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As part of the Coronavirus CARES Act, the $2 trillion fiscal stimulus meant to resuscitate the US economy, Congress allocated $454 billion to help underwrite the special lending programs from the Federal Reserve. This could generate up to $4.540 trillion in new lending (assuming 10x leverage for highly-rated assets) likely geared toward small and medium-sized businesses.
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It now turns out that the first industry to benefit from direct Fed loans is the imploding US energy sector, which for the past decade benefited indirectly from Fed generosity by issuing junk bonds to yield-starved investors who are now facing near-certain bankruptcy in the face, as the price of oil - if it stays at this level - assures they will never be repaid.
Speaking at a White House news conference on Thursday, Treasury Secretary Steven Mnuchin said energy companies squeezed by the oil-price war can turn to the Federal Reserve’s lending facilities for aid but won’t get direct loans from his department.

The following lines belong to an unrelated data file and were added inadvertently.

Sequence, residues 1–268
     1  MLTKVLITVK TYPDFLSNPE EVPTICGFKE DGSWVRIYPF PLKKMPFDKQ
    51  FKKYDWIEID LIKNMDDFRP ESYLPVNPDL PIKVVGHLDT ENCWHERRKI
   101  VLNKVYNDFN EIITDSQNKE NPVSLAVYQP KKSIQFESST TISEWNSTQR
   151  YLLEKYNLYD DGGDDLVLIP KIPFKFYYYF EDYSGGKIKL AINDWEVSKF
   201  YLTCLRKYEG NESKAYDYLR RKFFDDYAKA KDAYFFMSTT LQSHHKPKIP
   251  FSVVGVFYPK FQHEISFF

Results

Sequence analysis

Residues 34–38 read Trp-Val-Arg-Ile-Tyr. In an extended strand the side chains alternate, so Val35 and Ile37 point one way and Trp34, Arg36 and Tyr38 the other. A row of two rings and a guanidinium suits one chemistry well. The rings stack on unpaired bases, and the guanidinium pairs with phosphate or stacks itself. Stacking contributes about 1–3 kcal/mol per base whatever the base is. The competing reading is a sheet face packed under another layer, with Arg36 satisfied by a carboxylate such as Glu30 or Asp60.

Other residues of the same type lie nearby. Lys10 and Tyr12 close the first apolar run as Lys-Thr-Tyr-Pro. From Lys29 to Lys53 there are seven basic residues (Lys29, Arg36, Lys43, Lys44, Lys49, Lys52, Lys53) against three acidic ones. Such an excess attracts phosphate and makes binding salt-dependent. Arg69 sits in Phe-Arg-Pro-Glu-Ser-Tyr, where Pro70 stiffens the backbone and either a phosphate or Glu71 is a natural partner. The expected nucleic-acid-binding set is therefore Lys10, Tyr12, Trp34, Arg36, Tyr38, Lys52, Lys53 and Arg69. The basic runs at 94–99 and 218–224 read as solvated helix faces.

“I have very limited ability to do direct loans out of the Treasury,” he said, suggesting that distressed shale companies should instead beg the Fed.
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As Bloomberg notes, the $2.2 trillion coronavirus-related economic package authorizes the secretary to provide loans and grants to passenger airlines, cargo airlines, contractors and companies important to national security, Mnuchin said. Other companies must turn to the Fed, which is authorized to inject $4 trillion into the U.S. economy through various lending facilities approved by Congress.
"Our expectation is the energy companies, like all our other companies, will be able to participate in broad-based facilities, whether it’s the corporate facility or whether it’s the main street facility, but not direct lending out of the Treasury,” he said, leaving the Fed as the only option.
And now we look forward to the populist backlash when a line of insolvent shale CEOs forms outside the Marriner Eccles all begging to have their junk bonds taken out at par, and refinance with a Fed loan yielding, well, nothing and ideally forgivable if the new round of cheap debt manages to bankrupt Saudi Arabia as the price of oil goes negative.
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